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Week 5 – Caudillos

Echeverria’s The Slaughterhouse was very hard to read. Not only was it told from the perspective of an elite with deeply rooted racist opinions, but the tone of the story is one of dejected acceptance of the inevitable loss of culture to “barbarism.” The depictions of, as Dawson puts it, the “dark skinned people of the countryside” are vile and unfair. They are presented as individuals capable of torture and murder, as completely lacking in social decency, and they repeatedly make a mockery of the revered Catholic church. In contrast, the light skinned European is pained as an innocent victim, destroyed by the barbarians. The text may offer us deeper insight into the mind of an elite in Latin America during this period, but at the same time, it is disturbing to read the embedded racism of the time in such stark language.

The emergence of the caudillos post-independence seems a natural progression. After decades of continued repression peasants, the indigenous, and the lowest classes, would certainly pounce on the opportunity to gain from the ineffectiveness of a weak state. Who wouldn’t rally behind a champion of the poor, after generations of oppression? If you happened to be a charismatic and militarily-minded man after independence, you were in a unique position to gain power and allegiance by forming relationships with the right people. And with an army of underprivileged, angry, non-elite people demanding an interlocutor to defend their interests, you could bolster your own might by appealing to them. It is difficult to ascertain the motives of these caudillos. Were they really championing human rights? Or were their actions driven by personal ambition? Either way, the political landscape of the region shifted away from the state and toward these, in a way, military powerhouses.

Of course, the rise of the state once again drove out these opportunists, or more appropriately, created infertile soil for the sort of domination caudillos practiced. With a move toward liberalism, as in the example of Mexico, the state gained stability and institutions appeared, but so did capitalism. And as Dawson points out, in the span of 50 years, 90% of Mexican land was owned by 1% of the population. Though I certainly support state intervention in the name of equality and aid for the poorest, I admit that I can understand the allure of a charismatic champion, fighting for the rights of the poor, despite that champion’s own motives.

How did the end of the caudillo era affect other states in Latin America?


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Week 4 – Independence

It’s not hard to imagine that after several generations following the mythical point of origin of Latin America, 1492, that residents of the Americas would begin to feel the itch for independence. I found it interesting to consider how the different social classes approached the idea of breaking free of European rule, and the concept that some stood to lose mainly power and wealth, whereas others stood to lose very basic rights. Those who were most oppressed had a healthy fear of independence because there were some (if limited) protections for them while the crown was in place. But what if the landed elites wrested the power from the Iberian Peninsula? How would the new, independent, state treat those in the lowest positions? The prospect would be frightening. But elites also feared independence because of the uncertainly of their continued power and governance once severed from Europe. Despite these fears, the desire for independence was nearly universal across the Americas.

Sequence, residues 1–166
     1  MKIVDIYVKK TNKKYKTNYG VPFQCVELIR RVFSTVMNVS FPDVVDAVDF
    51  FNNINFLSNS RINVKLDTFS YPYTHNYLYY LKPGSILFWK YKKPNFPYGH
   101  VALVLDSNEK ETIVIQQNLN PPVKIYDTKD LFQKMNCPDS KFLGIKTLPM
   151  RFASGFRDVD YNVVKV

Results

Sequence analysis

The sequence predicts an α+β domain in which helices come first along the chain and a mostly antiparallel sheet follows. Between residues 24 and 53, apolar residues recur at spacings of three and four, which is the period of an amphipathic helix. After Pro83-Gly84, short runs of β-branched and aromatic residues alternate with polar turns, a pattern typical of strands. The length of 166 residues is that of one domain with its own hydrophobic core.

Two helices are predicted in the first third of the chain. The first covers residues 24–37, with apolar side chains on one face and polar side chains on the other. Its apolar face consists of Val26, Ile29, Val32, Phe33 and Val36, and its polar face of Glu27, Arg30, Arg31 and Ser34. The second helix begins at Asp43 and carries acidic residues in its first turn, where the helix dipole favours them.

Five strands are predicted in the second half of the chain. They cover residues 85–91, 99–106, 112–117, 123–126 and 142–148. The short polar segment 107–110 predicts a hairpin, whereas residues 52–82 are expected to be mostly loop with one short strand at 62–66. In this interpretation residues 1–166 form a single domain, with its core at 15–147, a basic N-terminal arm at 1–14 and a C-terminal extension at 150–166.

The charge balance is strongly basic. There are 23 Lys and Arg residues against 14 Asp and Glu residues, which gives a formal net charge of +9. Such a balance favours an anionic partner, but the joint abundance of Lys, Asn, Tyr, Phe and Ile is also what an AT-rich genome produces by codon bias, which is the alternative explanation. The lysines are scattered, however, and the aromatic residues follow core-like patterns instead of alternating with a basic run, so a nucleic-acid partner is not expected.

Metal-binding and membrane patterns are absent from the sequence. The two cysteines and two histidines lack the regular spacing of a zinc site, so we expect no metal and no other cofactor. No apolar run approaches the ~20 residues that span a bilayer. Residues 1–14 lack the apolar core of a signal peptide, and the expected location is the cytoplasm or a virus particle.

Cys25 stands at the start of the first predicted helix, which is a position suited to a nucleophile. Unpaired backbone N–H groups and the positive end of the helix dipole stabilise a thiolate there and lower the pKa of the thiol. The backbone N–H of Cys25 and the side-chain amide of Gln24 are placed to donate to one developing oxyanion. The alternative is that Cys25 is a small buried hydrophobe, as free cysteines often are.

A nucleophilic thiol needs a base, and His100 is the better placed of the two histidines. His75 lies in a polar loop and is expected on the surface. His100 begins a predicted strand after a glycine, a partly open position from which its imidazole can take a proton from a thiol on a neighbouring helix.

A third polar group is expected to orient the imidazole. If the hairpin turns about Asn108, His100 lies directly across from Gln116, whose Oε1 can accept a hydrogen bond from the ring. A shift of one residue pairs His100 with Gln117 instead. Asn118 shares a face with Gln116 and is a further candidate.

I enjoyed reading about the various regions approach to independence, and how varied the experiences were. In Haiti, for example, slaves succeeded in overthrowing the colonial presence, and this led to the eventual emancipation in 1793. Compare that to Brazil, where the Portuguese Emperor actually settled after fleeing Napoleon. The emperor’s son then declared Brazil independent and slavery was further entrenched. Both states came to independence from Europe, but carry vastly different histories and struggles. The people who directly feel the consequences of these contrasting roads to independence would understandably form vastly different identities. We can see why a simple description of Latin America is elusive, and reductive.

The accounts of Bolivar, the Great Liberator, were fascinating. He had grand ideas of independence, and was eloquent and persuasive. Though his lifetime achievements certainly were not on the scale of his dreams, he grew to be a figure as important as Columbus in shaping the Americas. We also get the sense that his story is equally mythical. Could we discuss Bolivar more in class, especially the reception of his ideas following his death?

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